How Highland Mill Village came to be

What a difference a year made.

If you were to stand at the corner of modern-day North Davidson and 36th streets at the turn of the 20th century, you would be surrounded by rolling farmland, the remnants of antebellum plantations, and swampland.

Then in early 1903, a group of investors eyed this open land – known as the Wadsworth farm – and its proximity to the railroad, deciding this would be an ideal spot to build an entire textile district. They secured nearly 103 acres and within months, construction was underway on North Charlotte’s first mill: Highland Park Manufacturing #3.

With mills come workers. Workers need housing. Therefore, renowned architect Stuart Cramer was hired to not only design the new, state-of-the art mill, but a companion village as well.

The Highland Mill village – the oldest village of North Charlotte’s nationally registered Historic District – began with a network of 80 homes, mainly along a series of five parallel streets: North Davidson (then North Caldwell), Yadkin (then North Davidson), Alexander, Myers, and McDowell. Other homes appeared on Charles, Mallory (then Highland Avenue), and Faison streets.

They were built for former farm families who moved from outlying counties, hoping to eke out a living in textiles. It was a hardscrabble existence in the early days, with outdoor pumps for running water and children as young as eight working beside their parents.

The white, side-gable homes featured a centered entry and an “el” in back and were built on large lots, giving the village a rural feel.  The large backyards offered ample space for gardens, chickens, and cattle. This was intentional. As described in the book “Like a Family: The Making of a Southern Cotton Mill World,” “If the work in the mill seemed alien to the men and women fresh off the farm, at least the village offered the comfort of familiar surroundings.”

The Charlotte Observer reported that the homes, built with no indoor plumbing or electricity, were going up “a dozen a day.” Interspersed were five-room overseers’ homes and duplexes. By November 1903, the area was unrecognizable. The Observer told the story of a bird hunter used to hunting the area each fall who was shocked to discover the mill, village, and electric plant taking over what were country fields the previous year.

Another strategy of mill developers was to include amenities close by in an effort of regulating behavior and discouraging residents from leaving the village. In fact, Cramer designed a town-square style business district in the heart of the village, between Alexander and Yadkin streets. The plan included stores, churches, a hotel, and a school. Alas, only the hotel (Highland Inn) came to be, though the village’s first makeshift school was in the millhouse at 2906 N. Davidson Street (now Yadkin). The business district took shape on North Davidson (then North Caldwell) instead, and linked the Highland and Mecklenburg mill villages.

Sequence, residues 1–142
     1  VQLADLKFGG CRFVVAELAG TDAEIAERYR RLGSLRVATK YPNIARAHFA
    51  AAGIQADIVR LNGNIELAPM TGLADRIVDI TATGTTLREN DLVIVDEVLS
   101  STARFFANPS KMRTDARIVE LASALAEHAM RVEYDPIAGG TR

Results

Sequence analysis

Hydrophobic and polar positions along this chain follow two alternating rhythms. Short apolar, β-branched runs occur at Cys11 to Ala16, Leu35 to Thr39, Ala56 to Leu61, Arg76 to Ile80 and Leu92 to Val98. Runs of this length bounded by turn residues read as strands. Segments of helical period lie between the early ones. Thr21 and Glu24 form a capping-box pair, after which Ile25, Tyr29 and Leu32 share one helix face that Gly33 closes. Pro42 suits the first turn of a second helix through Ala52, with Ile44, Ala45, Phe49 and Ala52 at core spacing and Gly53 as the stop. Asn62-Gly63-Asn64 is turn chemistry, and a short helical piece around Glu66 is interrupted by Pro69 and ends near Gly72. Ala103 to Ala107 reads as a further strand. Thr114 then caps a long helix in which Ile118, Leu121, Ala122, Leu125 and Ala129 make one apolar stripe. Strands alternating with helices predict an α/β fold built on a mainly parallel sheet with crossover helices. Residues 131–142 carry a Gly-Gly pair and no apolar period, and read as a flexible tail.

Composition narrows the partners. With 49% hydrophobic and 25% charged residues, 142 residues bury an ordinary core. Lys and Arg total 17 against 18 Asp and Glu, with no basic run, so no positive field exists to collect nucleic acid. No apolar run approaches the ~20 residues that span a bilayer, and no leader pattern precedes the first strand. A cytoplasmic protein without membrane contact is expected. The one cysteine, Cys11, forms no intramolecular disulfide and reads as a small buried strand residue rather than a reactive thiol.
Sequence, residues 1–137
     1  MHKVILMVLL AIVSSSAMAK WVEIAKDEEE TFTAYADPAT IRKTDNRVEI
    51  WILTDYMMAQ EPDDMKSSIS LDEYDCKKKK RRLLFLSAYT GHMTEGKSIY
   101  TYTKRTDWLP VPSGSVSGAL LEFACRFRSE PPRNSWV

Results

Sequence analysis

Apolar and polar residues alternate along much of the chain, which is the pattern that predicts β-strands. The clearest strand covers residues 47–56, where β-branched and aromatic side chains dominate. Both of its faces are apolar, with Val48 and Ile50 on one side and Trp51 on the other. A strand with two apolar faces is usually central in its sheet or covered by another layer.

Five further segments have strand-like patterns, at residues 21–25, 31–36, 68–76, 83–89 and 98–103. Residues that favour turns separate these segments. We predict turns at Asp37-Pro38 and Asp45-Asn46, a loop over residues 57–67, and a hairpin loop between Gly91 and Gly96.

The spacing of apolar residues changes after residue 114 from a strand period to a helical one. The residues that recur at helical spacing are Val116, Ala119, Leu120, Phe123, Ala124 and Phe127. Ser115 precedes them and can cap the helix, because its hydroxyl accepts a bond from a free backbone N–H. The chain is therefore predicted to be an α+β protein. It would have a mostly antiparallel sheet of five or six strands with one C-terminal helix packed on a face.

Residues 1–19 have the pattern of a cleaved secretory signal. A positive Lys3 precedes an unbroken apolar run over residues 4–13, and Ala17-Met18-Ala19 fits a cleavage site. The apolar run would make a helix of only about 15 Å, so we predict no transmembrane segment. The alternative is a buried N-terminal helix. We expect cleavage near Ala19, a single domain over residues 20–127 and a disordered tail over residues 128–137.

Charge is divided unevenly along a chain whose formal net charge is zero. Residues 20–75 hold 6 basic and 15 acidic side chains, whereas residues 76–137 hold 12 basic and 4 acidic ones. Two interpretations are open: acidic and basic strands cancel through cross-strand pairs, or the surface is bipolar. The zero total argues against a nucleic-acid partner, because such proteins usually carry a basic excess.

Even though Cramer’s business district concept did not materialize, Alexander became a key street in the village. If you stand at the corner of Alexander and 32nd streets today, the area south of the curve is blocked by a fence. Beyond it is a wooded area leading to the creek that is not easily accessible. But if you stood there 100 years ago, you would be in an open, popular gathering spot overlooking the village. There was a stable nearby as well.

Residents blazed two footpaths from this spot. The right path led to Alexander, where the first building on the right was Granny Smith’s bathhouse. Continue north and you would encounter Shue’s Boarding House (now the Highland Inn) – one of the anchors of Cramer’s imagined village square. Shue’s and other boarding houses accommodated a different demographic: the single mill worker who didn’t need a house and yard.

The left path led to Highland Mill and the business district. Perhaps these paths replaced the streets that were planned but never opened. 1929 Sanborn maps show an unopened extension of 32nd Street to Myers Street. There is also an unopened section of Alexander extending to Charles Avenue. This explains why there are two houses (one at the corner of 32nd and another at Charles Avenue) that seem to face at an odd angle away from the street. These early maps show two more houses facing this phantom street that no longer exists. It is unclear why this street was never built; perhaps it was too difficult to cross the creek.

Today the mill homes have been remodeled with homeowners’ distinct flair and personalities, replacing rows of white, identical houses. Pavement and sidewalks replaced the dusty dirt roads and paths. Backyard barns have given way to decks and patios. But the framework laid out 118 years ago remains.

Tune in next month for a bird’s-eye view of Highland’s sister village, Mecklenburg Mill Village.